President Biden assesses extent of drone use
DRONES WERE a sight running in the skies over Afghanistan, but one had seldom laid eyes on the capital, Kabul. On August 29, as America was hastily withdrawing its last Afghan soldiers and refugees through the city’s airport, a drone struck a white Toyota Corolla. After the strike, General Mark Milley, the top US military official, called it a “fair” strike, and the Pentagon claimed it had foiled an impending attack on US forces. In fact, no terrorists had been killed and seven of the ten victims were children. President Joe Biden has broken with his former boss, Barack Obama, by withdrawing troops from Afghanistan. Like Mr. Obama, he now has to choose how much to use drones to replace soldiers and pilots.
Mr. Biden pledged to carry out counterterrorism operations “on the horizon”, using primarily armed drones, in Afghanistan, to pursue terrorists while reducing the toll of the war on terror for Americans. Yet, as the experience of Mr. Obama and his successor, Donald Trump, suggests, drone strikes have hardly been a strategic success. As Samuel Moyn of Yale University argues in his recently published book “Humane,” such attempts to make the war less deadly may have made its end more difficult. Mr. Biden’s strategy appears to be nothing more than a formula for a more enduring, but no less brutal, war on terrorism.
As troop losses increased and public opinion turned under President George W. Bush, drones emerged as a means of long-range combat. Deployed for the first time just a few weeks after September 11, it was Mr. Obama who significantly extended their use. The rationale was clear. America would no longer rely on vulnerable ground forces. Drones could strike as far away as Pakistan, Libya, Yemen and Somalia, places where America was not officially at war. Killing terrorists, rather than grabbing them in combat, could also solve the Guantanamo problem. “If no one was captured, no one could be mistreated,” writes Moyn.
Eager to withdraw troops from Iraq and possibly Afghanistan, Mr. Obama led more drone strikes in his first year than Mr. Bush had done during his entire presidency. A brief prepared in March 2009 by the Ministry of Justice exposed the administration’s distorted legal justification. He said the war on terror was operating on a global battlefield. Nor would it be confined to al-Qaeda and “associated forces”: even those with tenuous ties like al-Shabab in Somalia, were fair game. Mr. Moyn argues that this made it possible to strike targets that did not represent an “imminent” threat, as required by international law. At the height of Mr. Obama’s drone campaign in 2010, the US military launched 128 strikes in Pakistan alone.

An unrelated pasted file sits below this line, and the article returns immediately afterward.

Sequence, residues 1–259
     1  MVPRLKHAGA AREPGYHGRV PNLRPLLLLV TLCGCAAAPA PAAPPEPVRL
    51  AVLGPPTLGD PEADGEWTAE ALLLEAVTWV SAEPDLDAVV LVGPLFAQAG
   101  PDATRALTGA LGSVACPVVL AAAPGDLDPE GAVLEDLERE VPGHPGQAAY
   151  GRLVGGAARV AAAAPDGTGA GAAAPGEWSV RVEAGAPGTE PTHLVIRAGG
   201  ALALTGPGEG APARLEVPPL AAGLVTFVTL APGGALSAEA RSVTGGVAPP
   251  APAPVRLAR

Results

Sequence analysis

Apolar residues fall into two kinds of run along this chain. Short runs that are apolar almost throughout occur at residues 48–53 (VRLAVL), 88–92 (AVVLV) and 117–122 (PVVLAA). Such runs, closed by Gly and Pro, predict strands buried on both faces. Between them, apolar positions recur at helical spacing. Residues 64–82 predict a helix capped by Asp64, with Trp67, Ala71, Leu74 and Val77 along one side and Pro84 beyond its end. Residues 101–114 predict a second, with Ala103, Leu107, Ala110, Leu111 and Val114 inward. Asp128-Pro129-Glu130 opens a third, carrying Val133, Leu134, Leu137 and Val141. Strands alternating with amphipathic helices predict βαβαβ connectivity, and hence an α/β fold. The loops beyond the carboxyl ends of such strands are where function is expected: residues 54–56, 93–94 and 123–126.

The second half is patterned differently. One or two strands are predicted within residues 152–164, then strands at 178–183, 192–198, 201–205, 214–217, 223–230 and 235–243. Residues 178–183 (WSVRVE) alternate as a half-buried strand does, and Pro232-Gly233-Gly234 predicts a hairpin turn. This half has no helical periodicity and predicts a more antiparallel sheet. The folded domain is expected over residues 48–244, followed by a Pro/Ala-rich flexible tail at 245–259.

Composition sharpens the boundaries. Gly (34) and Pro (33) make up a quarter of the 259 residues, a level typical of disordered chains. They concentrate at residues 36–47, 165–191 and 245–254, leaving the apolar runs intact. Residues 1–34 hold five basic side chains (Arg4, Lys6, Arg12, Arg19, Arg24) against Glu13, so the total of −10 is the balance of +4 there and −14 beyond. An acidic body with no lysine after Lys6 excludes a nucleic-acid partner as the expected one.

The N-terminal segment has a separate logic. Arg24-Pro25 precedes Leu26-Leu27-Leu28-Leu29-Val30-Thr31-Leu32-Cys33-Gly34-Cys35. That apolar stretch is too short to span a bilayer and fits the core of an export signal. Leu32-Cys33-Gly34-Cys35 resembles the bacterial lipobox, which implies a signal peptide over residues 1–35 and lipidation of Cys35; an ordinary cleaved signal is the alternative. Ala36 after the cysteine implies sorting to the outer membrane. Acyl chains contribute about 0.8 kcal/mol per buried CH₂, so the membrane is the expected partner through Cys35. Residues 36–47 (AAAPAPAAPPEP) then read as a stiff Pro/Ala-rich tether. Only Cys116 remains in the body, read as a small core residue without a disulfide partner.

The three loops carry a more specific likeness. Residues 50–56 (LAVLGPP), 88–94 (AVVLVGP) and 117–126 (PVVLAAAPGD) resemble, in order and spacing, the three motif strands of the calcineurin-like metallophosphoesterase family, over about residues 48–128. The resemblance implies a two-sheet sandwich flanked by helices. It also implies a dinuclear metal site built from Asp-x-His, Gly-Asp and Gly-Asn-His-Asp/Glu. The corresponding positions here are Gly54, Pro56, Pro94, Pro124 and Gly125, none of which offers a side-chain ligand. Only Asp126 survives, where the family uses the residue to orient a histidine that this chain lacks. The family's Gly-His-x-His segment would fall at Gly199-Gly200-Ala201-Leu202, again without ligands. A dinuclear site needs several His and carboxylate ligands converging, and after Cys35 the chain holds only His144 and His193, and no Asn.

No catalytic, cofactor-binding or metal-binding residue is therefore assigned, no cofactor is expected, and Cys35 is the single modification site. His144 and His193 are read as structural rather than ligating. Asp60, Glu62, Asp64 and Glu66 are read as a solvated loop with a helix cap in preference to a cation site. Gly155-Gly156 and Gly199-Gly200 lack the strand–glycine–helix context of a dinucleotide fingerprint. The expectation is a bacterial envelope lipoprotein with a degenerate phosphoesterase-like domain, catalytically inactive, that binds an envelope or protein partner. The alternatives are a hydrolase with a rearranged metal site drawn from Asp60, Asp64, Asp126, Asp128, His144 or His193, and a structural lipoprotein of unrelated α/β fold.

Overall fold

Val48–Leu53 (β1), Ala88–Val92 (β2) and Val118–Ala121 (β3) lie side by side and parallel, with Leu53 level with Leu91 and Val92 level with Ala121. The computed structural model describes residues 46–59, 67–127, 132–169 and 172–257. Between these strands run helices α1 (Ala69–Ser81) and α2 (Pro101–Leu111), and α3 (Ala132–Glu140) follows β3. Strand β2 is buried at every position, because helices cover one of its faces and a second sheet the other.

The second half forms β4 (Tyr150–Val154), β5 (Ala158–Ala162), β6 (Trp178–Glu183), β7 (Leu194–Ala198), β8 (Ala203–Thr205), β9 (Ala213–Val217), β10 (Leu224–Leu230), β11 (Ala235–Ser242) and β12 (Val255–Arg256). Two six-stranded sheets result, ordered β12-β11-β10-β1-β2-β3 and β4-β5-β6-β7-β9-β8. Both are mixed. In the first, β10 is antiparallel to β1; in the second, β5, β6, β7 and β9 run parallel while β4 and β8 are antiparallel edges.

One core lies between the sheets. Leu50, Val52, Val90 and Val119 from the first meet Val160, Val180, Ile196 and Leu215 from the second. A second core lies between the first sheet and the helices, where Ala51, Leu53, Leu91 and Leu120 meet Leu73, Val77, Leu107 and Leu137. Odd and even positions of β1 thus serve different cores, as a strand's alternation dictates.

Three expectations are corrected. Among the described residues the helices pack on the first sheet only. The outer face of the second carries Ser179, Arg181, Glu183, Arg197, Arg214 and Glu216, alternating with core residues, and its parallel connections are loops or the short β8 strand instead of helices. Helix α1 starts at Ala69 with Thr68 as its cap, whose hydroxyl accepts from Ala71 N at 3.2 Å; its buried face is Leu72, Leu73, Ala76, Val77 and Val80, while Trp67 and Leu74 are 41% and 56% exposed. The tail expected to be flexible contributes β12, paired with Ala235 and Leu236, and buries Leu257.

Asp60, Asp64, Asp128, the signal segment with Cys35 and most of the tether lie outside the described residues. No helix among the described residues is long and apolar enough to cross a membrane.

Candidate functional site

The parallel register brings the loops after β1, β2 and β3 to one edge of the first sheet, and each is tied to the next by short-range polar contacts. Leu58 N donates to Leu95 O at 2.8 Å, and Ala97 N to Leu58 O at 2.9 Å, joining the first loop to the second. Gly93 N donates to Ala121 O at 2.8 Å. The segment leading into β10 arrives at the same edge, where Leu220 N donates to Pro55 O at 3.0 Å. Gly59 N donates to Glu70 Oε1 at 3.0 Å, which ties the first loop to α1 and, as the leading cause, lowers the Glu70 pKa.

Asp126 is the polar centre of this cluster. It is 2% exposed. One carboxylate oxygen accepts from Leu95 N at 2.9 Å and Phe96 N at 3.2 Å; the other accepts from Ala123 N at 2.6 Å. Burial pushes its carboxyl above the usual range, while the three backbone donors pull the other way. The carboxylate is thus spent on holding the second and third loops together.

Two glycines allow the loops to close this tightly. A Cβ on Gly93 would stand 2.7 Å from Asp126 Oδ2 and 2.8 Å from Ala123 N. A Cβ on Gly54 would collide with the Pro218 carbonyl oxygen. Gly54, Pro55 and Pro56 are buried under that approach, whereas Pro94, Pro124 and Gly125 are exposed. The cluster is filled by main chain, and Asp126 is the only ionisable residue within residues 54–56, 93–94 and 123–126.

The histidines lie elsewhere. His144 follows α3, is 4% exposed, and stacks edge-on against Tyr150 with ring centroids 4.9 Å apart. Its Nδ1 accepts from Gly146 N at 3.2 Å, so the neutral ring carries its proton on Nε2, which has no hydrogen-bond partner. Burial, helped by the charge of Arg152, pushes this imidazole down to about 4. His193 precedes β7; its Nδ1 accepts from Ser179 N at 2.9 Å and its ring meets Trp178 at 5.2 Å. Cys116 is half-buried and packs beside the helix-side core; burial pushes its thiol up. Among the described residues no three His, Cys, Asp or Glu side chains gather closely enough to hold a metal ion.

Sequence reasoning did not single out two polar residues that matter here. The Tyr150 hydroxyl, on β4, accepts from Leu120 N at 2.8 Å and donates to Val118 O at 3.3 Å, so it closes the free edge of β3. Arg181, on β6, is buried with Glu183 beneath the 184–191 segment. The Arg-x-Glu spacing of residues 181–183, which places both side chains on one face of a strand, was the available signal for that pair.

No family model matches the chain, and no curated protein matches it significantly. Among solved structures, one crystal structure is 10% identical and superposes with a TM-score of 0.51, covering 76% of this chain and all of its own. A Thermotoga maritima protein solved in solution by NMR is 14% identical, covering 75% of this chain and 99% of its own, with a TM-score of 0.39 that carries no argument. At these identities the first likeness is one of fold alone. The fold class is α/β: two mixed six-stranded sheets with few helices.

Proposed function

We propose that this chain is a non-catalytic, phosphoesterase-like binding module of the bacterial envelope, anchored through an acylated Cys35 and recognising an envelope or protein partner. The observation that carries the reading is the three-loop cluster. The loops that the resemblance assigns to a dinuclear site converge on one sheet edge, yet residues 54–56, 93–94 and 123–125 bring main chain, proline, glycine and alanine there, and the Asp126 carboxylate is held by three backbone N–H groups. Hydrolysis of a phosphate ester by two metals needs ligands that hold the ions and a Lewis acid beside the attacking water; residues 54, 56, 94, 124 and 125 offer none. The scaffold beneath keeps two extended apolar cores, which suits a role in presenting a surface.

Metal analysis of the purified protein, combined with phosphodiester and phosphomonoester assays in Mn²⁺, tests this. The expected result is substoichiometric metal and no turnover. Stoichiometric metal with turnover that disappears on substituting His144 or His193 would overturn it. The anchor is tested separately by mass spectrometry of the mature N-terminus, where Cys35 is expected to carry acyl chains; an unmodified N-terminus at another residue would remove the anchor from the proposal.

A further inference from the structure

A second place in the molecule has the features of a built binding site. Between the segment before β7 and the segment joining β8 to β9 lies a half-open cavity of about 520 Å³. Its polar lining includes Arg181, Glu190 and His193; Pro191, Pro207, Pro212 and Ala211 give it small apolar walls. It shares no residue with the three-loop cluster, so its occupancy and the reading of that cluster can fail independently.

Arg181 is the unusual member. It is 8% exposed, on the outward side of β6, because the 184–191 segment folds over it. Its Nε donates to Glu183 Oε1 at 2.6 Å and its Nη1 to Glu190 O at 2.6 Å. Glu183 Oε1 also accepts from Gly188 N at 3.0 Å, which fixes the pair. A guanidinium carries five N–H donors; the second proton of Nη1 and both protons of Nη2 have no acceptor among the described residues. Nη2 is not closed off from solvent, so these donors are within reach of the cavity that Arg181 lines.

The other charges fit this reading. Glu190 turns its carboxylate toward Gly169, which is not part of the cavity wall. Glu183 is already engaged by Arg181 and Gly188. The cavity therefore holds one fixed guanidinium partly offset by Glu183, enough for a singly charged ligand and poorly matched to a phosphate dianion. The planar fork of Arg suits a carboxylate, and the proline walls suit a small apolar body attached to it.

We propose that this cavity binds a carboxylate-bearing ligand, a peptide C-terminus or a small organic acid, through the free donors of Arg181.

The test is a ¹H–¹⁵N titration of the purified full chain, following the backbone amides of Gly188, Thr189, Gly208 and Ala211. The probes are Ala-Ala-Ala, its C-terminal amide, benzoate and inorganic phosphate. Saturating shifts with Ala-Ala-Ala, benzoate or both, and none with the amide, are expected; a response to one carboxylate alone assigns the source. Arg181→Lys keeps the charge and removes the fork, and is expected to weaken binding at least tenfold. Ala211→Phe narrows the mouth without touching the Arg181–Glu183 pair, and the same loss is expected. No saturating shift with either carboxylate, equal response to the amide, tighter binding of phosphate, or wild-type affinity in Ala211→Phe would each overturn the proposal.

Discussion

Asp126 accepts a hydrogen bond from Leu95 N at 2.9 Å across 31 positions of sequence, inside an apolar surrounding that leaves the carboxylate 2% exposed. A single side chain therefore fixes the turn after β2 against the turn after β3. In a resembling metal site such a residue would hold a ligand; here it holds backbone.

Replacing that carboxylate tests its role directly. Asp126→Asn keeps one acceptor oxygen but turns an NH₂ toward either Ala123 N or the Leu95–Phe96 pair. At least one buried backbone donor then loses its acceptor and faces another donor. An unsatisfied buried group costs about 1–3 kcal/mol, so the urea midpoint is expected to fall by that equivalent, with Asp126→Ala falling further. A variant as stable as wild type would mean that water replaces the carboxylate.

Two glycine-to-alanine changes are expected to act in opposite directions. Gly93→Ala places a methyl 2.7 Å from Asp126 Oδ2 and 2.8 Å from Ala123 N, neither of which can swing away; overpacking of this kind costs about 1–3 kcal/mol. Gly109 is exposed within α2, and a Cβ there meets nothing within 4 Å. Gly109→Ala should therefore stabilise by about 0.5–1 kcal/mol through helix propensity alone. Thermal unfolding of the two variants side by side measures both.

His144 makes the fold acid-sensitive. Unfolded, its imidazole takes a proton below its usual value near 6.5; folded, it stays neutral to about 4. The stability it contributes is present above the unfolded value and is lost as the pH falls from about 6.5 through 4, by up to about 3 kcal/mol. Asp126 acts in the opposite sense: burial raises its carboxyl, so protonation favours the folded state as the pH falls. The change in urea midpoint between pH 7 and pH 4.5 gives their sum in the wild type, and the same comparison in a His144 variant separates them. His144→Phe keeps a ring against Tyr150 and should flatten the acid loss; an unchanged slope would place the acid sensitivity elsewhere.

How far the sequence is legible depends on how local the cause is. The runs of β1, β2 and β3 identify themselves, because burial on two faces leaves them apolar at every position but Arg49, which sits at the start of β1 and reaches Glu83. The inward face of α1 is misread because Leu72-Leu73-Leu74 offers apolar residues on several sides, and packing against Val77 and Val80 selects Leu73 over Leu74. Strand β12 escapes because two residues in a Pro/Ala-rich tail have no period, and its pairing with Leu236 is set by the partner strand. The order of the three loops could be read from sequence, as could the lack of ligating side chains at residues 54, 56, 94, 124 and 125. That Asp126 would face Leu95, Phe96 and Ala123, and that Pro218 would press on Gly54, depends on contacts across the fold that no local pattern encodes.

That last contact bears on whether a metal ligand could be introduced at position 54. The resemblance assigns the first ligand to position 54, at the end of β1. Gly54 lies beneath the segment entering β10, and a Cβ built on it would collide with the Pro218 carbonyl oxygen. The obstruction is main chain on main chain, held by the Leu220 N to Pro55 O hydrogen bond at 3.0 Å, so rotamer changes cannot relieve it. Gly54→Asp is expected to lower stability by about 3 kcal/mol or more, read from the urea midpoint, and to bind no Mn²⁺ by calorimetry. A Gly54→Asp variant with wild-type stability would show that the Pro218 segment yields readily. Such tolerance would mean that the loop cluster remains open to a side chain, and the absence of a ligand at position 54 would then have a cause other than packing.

Despite Mr. Obama’s insistence that drones could specifically target America’s enemies, the increasing volume of strikes has also resulted in increased civilian casualties. With as many as 560 civilian deaths in Pakistan alone from 2009 to 2011, the UN and civil society called for reform. Guidelines issued by the White House in 2013 attempted to limit the lethality of the drone campaign beyond Afghanistan and Iraq. The document promised that strikes would not take place without “virtual certainty” that non-terrorists would not be killed.
It made it possible to stem the worst excesses: in 2016, strikes killed less than ten civilians in Pakistan, Somalia and Yemen combined. On the battlefield in Afghanistan, Iraq and, after 2014, Syria, military lawyers advised commanders on targeting decisions – beyond a certain threshold of expected civilian casualties, a strike would require authorization higher authorities. Mr. Obama expressed the hope that this “legal architecture” could guarantee “the control of any president”.
President Donald Trump easily rejected Mr. Obama’s rules during his first year in office, giving commanders greater flexibility in choosing their targets. The pace of operations has accelerated and their reach has expanded to new locations such as Niger. Nowhere has this escalation been more dramatic than in Afghanistan, where up to 130 civilians perished in strikes in 2017. However, their effectiveness is open to debate. In the two decades since 2001, estimates the Center for Strategic and International Studies in Washington, CC, the number of Sunni Islamist militants quadrupled, but luckily they did not succeed in a devastating attack on American soil. “The assumption that there was no substitutability was wrong,” says Sarah Kreps of Cornell University, with new terrorist leaders replacing the dead.
Mr Biden has sought to contain the excesses of his predecessor and return to a more sober policy. As his administration prepares new directions, Biden has asked the Pentagon and CIA seek White House approval for strikes outside Afghanistan, Iraq and Syria. But Mr. Biden has no plans to end their use. He boasts that even without a presence in Afghanistan, his administration will continue to strike at terrorist organizations in Afghanistan from the safety of US ships at sea and bases in the Middle East.
Such a strategy may not prove to be efficient or humane. As General Kenneth “Frank” McKenzie, the top US military official in the Middle East and Central Asia, admitted to Congress on September 28, long-range drone attacks necessarily rely on weaker intelligence without nearby bases and local partner forces. Other errors, such as the August 29 strike in Kabul, are therefore likely even after the Pentagon finishes its investigation. Ms. Kreps isn’t sure Americans will take much interest in drones. “Once the dust settles, we will continue to use them. “■
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This article appeared in the United States section of the print edition under the title “Droning on”